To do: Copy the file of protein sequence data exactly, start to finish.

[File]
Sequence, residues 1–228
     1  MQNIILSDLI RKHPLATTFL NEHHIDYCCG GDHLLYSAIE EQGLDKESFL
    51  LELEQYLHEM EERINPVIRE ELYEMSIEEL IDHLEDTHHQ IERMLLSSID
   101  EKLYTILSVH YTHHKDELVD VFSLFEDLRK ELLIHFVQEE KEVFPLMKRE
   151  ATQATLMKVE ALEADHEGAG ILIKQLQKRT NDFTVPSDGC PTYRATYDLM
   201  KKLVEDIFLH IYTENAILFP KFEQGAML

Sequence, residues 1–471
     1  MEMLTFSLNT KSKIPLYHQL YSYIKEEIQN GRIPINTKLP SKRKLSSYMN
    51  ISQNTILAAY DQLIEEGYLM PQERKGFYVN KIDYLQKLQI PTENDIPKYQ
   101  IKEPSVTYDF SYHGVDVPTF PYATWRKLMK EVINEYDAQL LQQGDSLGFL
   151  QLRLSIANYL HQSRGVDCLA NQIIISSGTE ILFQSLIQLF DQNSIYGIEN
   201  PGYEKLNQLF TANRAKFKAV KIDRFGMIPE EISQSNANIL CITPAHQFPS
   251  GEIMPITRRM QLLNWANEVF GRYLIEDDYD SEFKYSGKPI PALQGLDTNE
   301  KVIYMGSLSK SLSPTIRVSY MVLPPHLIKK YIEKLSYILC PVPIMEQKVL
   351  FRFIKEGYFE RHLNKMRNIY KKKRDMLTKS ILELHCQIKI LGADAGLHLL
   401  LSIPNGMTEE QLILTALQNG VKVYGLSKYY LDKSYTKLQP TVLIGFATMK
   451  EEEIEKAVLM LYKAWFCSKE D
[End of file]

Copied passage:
Sequence, residues 1–228
     1  MQNIILSDLI RKHPLATTFL NEHHIDYCCG GDHLLYSAIE EQGLDKESFL
    51  LELEQYLHEM EERINPVIRE ELYEMSIEEL IDHLEDTHHQ IERMLLSSID
   101  EKLYTILSVH YTHHKDELVD VFSLFEDLRK ELLIHFVQEE KEVFPLMKRE
   151  ATQATLMKVE ALEADHEGAG ILIKQLQKRT NDFTVPSDGC PTYRATYDLM
   201  KKLVEDIFLH IYTENAILFP KFEQGAML

Sequence, residues 1–471
     1  MEMLTFSLNT KSKIPLYHQL YSYIKEEIQN GRIPINTKLP SKRKLSSYMN
    51  ISQNTILAAY DQLIEEGYLM PQERKGFYVN KIDYLQKLQI PTENDIPKYQ
   101  IKEPSVTYDF SYHGVDVPTF PYATWRKLMK EVINEYDAQL LQQGDSLGFL
   151  QLRLSIANYL HQSRGVDCLA NQIIISSGTE ILFQSLIQLF DQNSIYGIEN
   201  PGYEKLNQLF TANRAKFKAV KIDRFGMIPE EISQSNANIL CITPAHQFPS
   251  GEIMPITRRM QLLNWANEVF GRYLIEDDYD SEFKYSGKPI PALQGLDTNE
   301  KVIYMGSLSK SLSPTIRVSY MVLPPHLIKK YIEKLSYILC PVPIMEQKVL
   351  FRFIKEGYFE RHLNKMRNIY KKKRDMLTKS ILELHCQIKI LGADAGLHLL
   401  LSIPNGMTEE QLILTALQNG VKVYGLSKYY LDKSYTKLQP TVLIGFATMK
   451  EEEIEKAVLM LYKAWFCSKE D